By the end of the 1940s, the elaborate concrete Plateresque decorations of the museum’s facade were determined to be a hazard, as the salt air from the Pacific Ocean had rusted the supporting steel. In 1949, the decorative concrete ornamentation was fully stripped from the building; the facade remained plain for the next 50 years.
Memorial Museum staff, circa 1900
Following Avery Brundage’s bequest of his magnificent Asian art collection to the city of San Francisco in 1959, the Center for Asian Art and Culture opened in 1966 in a new wing of the museum. In 1973, the Center for Asian Art and Culture was renamed the Asian Art Museum of San Francisco and gained its own board of trustees and administration, but shared both the membership organization (the Museum Society) and its benefits with the de Young. In 1994, city voters overwhelmingly supported a bond measure to renovate the former San Francisco Main Library as the Asian Art Museum’s new home. The Asian Art Museum remained open to the public at the de Young until October 2001, when it closed in preparation for the move. In November 2003, it opened its doors at its new Civic Center location as an independent museum.
In 1972, the de Young formally merged with the Legion to create the Fine Arts Museums of San Francisco (FAMSF). Through this merger, Ian McKibbin White, who had been director of both museums since 1970, reorganized the collections, establishing curatorial departments for painting, sculpture, and decorative arts; prints and drawings; and the arts of Africa, Oceania, and the Americas. The de Young moved its collections of French paintings to the Legion and focused the de Young on American art, international textile arts and costumes, and arts of the Americas, Oceania, and Africa.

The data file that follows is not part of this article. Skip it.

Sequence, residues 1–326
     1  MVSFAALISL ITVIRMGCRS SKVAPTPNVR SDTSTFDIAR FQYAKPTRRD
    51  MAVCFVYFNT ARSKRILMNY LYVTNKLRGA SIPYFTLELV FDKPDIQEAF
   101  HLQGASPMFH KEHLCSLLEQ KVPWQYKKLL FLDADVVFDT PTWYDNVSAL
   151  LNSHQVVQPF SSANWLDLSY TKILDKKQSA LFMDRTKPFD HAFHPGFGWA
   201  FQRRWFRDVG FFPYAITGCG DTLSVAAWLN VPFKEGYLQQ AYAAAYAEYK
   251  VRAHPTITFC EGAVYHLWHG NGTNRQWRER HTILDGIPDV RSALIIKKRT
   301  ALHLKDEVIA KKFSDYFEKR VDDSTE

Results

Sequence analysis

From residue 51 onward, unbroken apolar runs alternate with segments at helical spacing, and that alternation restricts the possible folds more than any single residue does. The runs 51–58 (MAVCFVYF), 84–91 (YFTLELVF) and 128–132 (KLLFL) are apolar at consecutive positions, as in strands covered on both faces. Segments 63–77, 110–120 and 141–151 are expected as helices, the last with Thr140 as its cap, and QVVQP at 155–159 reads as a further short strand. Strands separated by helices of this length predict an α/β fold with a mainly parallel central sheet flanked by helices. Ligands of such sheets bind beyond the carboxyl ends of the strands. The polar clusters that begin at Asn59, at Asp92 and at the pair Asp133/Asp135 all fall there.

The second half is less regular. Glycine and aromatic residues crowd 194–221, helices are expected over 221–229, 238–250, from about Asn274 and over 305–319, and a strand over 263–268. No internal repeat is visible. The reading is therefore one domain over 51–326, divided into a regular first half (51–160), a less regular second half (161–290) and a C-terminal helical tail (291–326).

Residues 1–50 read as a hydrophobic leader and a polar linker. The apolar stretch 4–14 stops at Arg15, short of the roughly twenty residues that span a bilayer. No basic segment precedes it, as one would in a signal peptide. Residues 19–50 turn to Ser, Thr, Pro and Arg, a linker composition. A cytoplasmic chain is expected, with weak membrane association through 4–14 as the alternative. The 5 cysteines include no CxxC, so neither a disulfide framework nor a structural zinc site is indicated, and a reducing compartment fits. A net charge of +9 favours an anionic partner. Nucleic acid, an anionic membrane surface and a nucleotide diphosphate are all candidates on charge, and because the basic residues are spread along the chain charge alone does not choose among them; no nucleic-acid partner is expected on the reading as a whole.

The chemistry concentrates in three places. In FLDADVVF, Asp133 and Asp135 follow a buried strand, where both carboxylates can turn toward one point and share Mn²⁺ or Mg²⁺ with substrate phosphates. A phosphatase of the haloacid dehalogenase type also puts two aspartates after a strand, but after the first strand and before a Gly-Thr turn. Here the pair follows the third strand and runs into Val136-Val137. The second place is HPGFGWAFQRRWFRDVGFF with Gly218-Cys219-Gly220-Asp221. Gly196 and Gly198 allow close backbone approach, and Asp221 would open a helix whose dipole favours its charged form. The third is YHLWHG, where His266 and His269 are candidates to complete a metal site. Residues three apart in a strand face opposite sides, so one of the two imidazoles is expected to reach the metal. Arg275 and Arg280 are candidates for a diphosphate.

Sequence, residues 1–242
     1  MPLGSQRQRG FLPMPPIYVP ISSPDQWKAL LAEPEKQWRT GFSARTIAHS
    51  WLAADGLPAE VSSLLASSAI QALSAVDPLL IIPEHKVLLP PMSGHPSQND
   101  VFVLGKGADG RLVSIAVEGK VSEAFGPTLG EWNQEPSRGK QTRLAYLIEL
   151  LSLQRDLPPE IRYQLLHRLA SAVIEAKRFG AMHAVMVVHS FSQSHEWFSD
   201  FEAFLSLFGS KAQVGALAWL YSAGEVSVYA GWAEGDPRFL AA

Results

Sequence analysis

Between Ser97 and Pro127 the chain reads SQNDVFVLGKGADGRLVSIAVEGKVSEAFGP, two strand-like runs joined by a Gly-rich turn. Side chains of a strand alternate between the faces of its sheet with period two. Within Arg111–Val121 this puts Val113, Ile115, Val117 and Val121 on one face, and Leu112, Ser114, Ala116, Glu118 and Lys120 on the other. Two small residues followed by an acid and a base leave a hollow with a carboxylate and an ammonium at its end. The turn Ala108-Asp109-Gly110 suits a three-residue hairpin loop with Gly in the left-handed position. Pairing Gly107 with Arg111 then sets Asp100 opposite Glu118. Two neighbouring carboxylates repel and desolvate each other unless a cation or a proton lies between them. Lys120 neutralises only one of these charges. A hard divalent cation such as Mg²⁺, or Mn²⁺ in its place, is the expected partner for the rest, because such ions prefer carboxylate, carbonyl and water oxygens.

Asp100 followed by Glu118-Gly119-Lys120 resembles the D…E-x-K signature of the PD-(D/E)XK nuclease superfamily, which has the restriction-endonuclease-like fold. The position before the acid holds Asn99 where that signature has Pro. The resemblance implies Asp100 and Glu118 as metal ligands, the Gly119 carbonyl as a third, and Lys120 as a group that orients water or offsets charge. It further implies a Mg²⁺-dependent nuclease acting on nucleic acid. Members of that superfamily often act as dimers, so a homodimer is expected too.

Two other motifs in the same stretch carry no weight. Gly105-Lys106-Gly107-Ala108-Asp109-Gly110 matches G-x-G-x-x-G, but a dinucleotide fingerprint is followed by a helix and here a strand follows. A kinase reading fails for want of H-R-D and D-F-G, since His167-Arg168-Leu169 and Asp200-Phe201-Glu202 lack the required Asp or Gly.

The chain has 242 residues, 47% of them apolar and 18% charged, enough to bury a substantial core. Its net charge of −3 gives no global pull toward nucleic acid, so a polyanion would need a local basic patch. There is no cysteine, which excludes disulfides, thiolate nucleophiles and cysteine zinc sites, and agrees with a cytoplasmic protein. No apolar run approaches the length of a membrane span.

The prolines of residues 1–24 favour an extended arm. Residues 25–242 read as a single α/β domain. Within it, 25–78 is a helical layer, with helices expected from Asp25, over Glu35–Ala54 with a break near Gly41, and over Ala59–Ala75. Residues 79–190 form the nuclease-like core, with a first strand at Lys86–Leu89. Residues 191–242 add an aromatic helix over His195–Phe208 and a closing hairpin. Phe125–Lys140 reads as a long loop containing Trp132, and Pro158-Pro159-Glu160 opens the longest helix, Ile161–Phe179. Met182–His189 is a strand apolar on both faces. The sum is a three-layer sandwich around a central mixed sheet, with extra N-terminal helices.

Sphinx sculpture and Doré vase in front of the Memorial Museum entrance
In 1989, the de Young suffered significant structural damage as a result of the Loma Prieta earthquake. The board of trustees instituted a project that braced the museum as a temporary measure until a long-term solution could be implemented. On December 31, 2000, the de Young closed to the public for a complete rebuild designed by the Swiss architectural firm Herzog & de Meuron. Historic elements from the former de Young, such as the sphinxes, the original palm trees, and the Pool of Enchantment, were retained or reconstructed, and the new de Young opened on October 15, 2005.
In September 2017, after a long history of promoting contemporary art, the Museums established the Contemporary Art and Programming department.
The de Young ranks within the top 10 most visited art museums in the United States and the most visited in San Francisco. Housed in a state-of-the-art, accessible, and architecturally significant facility, it provides valuable art experiences to generations of residents and visitors.
In the spring of 2020, the de Young celebrated its 125th anniversary. Explore this historic milestone with Google Arts & Culture.
On March 14, 2020, the Fine Arts Museums closed due to the outbreak of the COVID-19 pandemic. In 2021, the de Young reopened to the public.